Removing Low-Risk Penicillin Allergy Label Leads to Healthcare Cost Savings

Pills, capsules, tablets
Pills, capsules, tablets
Children deemed low risk who were tested for penicillin allergy tolerated the medication within the following year without serious adverse or allergic reactions.

Children with low-risk penicillin allergy symptoms and who tested negative for penicillin allergy tolerated a penicillin challenge without severe reactions and delabelling these cases would result in significant healthcare cost savings, according to research published in Pediatrics.

A follow up questionnaire was administered to parents or primary care providers of 100 children whose test results were negative for penicillin allergy during previous 3-tier penicillin allergy testing on children with low-risk symptoms. The survey responses and baseline patient characteristics were used to determine whether serious reactions would occur upon re-exposure to penicillin and changes in prescription patterns. A cost savings and avoidance analysis was performed.

A total of 46 prescriptions from 36 patients were reported and 26 of these (58%) were for penicillin derivatives. A rash developed in only 1 child 24 hours after starting the medication and there were no serious adverse reactions.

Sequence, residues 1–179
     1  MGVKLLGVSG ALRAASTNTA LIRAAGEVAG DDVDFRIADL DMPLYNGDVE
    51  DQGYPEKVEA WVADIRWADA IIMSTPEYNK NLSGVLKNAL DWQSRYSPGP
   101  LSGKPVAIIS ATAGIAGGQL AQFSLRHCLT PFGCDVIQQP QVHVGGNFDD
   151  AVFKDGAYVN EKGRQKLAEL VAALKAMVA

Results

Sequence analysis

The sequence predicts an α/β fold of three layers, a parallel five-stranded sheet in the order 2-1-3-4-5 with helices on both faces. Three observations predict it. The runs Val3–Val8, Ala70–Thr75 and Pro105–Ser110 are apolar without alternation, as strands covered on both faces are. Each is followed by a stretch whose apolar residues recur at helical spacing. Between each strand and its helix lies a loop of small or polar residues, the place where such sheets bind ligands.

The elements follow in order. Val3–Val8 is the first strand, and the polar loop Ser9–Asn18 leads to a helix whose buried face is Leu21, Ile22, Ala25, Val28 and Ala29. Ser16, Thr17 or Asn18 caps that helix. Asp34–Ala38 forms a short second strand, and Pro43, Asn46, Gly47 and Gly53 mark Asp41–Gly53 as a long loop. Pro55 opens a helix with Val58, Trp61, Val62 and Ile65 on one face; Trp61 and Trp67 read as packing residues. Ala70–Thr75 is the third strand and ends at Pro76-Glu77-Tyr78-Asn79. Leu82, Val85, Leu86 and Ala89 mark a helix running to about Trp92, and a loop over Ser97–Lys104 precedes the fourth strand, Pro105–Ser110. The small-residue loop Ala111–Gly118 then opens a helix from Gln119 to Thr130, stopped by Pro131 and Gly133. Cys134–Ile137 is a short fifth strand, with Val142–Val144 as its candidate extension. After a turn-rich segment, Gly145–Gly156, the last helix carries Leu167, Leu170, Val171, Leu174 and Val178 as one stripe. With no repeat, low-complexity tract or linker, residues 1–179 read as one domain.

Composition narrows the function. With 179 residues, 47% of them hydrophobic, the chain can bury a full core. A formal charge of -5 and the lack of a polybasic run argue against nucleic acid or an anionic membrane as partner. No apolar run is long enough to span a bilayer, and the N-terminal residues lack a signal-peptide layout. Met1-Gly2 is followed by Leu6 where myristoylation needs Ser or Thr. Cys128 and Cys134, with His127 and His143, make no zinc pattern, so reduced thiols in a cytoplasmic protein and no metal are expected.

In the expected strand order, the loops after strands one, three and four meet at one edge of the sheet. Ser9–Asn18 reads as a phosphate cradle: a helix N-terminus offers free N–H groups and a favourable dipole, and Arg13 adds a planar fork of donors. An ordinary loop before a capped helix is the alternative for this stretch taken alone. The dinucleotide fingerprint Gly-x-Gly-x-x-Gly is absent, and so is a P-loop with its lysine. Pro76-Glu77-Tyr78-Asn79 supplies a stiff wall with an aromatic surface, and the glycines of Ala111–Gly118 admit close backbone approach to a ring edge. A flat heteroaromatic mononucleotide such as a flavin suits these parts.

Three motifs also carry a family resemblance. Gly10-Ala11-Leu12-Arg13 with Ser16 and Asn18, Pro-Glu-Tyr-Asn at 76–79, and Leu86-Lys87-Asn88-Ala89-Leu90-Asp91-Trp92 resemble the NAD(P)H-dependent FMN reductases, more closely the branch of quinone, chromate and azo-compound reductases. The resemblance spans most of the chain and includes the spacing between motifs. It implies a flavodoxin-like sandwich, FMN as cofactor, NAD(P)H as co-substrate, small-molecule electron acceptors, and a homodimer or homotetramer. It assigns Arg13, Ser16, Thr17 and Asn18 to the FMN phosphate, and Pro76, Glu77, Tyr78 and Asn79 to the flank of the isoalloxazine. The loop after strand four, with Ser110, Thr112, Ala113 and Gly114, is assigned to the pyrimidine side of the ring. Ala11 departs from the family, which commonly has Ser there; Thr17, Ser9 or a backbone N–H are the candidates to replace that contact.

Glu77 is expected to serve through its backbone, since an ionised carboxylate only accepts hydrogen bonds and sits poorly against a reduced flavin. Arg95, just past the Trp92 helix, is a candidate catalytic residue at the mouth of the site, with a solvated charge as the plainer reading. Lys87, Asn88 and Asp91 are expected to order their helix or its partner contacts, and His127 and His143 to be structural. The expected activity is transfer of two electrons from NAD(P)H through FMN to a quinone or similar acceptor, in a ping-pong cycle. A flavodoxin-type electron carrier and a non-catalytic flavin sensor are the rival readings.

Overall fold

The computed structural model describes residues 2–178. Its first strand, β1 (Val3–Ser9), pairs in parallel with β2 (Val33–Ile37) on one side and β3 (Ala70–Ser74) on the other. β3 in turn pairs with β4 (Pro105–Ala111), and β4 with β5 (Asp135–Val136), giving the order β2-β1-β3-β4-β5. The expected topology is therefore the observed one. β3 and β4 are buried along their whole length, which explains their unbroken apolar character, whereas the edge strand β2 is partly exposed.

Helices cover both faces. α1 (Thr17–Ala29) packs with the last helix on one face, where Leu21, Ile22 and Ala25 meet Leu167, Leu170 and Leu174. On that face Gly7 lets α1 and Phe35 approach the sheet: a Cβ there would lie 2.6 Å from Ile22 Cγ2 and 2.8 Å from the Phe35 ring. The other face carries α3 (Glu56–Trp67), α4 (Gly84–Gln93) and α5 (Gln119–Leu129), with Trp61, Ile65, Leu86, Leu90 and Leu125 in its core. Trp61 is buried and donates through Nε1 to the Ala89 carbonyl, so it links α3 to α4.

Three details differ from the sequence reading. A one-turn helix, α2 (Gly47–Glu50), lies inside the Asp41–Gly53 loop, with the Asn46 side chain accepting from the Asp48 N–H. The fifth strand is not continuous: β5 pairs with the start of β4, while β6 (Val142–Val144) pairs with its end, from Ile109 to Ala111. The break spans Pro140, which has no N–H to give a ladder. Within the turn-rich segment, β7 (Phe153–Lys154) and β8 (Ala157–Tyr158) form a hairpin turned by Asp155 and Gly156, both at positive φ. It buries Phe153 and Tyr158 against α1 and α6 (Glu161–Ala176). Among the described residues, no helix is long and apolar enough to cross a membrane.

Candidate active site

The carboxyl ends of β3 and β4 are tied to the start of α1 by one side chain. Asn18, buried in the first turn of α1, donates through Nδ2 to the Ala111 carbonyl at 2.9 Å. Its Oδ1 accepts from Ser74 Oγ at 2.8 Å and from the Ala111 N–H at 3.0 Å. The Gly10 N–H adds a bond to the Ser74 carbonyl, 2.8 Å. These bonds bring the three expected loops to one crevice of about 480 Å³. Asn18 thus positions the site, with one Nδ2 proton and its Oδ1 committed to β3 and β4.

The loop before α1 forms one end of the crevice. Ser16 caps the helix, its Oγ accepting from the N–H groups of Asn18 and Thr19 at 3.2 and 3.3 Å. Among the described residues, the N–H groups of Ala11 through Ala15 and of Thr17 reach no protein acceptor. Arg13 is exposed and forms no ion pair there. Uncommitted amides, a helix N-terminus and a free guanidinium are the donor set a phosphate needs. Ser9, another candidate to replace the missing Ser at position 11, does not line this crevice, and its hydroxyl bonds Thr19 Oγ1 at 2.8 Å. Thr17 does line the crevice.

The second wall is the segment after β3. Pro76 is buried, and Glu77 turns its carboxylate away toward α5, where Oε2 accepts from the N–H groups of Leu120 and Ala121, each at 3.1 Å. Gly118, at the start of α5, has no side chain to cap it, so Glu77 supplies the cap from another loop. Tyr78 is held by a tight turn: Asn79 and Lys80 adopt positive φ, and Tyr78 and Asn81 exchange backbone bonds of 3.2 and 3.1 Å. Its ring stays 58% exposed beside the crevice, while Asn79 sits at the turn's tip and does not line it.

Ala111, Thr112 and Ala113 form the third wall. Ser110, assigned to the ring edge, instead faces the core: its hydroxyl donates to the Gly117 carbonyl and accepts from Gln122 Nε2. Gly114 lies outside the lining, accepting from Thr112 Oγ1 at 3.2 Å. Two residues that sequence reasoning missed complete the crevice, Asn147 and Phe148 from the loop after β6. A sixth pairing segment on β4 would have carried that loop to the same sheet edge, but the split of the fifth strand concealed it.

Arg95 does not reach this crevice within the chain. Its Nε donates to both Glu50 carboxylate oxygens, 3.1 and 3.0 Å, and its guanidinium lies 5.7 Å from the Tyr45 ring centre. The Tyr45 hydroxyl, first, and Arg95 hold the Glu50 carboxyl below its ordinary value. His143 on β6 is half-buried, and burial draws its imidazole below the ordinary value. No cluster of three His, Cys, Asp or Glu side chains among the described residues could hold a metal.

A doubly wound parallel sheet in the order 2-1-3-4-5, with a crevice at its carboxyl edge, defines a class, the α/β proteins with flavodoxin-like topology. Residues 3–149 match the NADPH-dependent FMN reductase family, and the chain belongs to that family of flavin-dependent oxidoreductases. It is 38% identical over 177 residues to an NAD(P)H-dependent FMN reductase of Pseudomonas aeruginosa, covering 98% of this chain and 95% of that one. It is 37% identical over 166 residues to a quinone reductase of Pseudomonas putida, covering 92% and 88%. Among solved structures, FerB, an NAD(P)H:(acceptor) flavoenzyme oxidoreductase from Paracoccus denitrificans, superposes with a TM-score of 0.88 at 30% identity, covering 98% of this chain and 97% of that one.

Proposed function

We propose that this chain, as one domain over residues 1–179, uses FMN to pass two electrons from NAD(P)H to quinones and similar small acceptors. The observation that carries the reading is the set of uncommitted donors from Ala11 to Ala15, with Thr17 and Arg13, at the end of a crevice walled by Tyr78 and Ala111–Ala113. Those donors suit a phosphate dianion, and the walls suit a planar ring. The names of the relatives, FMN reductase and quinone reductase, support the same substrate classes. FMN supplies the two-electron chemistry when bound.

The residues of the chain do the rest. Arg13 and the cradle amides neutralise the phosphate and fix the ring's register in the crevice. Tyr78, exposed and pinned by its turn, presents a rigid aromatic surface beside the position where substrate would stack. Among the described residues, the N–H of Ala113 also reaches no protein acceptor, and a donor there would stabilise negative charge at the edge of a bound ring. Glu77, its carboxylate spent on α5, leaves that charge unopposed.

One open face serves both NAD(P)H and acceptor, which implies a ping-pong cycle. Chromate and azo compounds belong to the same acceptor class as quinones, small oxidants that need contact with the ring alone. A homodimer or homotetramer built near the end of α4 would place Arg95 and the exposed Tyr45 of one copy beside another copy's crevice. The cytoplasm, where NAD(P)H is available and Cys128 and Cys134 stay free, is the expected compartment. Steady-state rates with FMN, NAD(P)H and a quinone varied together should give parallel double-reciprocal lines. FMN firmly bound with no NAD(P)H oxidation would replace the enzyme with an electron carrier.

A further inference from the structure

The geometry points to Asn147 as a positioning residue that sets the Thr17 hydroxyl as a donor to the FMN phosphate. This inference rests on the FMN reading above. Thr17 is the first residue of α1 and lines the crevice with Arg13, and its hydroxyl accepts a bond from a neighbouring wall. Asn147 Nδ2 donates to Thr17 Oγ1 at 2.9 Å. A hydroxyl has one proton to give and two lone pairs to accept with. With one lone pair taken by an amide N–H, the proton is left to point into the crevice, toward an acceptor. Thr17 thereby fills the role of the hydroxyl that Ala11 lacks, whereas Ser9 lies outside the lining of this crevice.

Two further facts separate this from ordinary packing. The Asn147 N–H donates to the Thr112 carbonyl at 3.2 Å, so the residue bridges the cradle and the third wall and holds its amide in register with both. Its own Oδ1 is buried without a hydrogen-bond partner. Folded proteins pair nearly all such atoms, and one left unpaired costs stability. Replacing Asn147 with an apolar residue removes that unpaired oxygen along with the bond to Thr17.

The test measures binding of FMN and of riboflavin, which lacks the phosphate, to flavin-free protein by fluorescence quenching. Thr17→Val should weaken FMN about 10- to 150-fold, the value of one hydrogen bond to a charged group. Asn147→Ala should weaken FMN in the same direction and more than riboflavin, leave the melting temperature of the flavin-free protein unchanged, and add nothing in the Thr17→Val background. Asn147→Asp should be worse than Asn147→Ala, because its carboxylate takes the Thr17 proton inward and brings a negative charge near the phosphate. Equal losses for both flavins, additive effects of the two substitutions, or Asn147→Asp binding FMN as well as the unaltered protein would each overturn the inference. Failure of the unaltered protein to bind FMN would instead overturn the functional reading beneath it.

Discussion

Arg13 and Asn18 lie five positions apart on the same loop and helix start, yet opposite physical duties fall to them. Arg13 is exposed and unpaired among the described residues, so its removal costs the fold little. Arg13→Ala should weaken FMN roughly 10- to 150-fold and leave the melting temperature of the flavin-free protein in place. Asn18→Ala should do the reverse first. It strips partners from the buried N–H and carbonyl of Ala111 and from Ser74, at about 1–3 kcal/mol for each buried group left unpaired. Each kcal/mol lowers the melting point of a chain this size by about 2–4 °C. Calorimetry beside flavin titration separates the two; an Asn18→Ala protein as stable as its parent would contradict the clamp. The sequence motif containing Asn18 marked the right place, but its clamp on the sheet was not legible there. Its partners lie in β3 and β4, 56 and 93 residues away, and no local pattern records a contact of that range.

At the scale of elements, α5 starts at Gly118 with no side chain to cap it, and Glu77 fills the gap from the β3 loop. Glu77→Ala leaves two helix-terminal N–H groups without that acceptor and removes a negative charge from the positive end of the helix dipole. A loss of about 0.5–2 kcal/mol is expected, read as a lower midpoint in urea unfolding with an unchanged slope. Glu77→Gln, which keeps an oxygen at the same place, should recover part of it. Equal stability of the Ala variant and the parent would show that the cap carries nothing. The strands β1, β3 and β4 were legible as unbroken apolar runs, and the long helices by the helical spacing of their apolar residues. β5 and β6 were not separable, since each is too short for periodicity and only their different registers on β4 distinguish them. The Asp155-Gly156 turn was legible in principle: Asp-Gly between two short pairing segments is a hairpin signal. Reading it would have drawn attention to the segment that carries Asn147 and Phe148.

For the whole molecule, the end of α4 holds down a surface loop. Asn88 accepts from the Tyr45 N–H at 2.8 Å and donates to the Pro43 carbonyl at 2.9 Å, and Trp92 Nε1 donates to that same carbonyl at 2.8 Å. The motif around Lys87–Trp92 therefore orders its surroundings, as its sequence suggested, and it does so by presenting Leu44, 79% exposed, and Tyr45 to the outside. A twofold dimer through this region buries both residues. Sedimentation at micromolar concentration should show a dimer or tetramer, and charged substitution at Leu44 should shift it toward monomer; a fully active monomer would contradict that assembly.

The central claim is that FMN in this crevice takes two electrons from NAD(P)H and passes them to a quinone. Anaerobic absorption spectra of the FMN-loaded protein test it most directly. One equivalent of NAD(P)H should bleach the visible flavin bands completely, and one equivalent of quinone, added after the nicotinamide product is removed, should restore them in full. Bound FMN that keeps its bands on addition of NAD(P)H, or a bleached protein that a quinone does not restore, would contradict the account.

The cost savings analysis found that not labelling patients as penicillin allergic saved $1368.13, the cost avoidance equalled $1812.00, and the total potential savings for the pediatric emergency department was $199,223.00.

Investigators found that 10% of the parents involved in the follow up were unaware of their child’s negative result and the subsequent removal of the allergic label. A further 28% of parents were not comfortable or only somewhat comfortable giving their child penicillin after the negative tests.

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These findings highlighted the need for clear and succinct discharge paperwork and the power that labelling children allergic can have on parenting behavior. The results demonstrated the large potential cost savings for pediatric emergency departments and future multicenter trials should be performed. Investigators also noted that real time allergy delabelling in the emergency room would be a safe alternative to skin testing and would “lead to substantial cost savings in health care throughout the United States.” 


Vyles D, Chiu A, Routes J, et al. Antibiotic use after removal of penicillin allergy label. Pediatrics. 2018; 141(5): e20173466.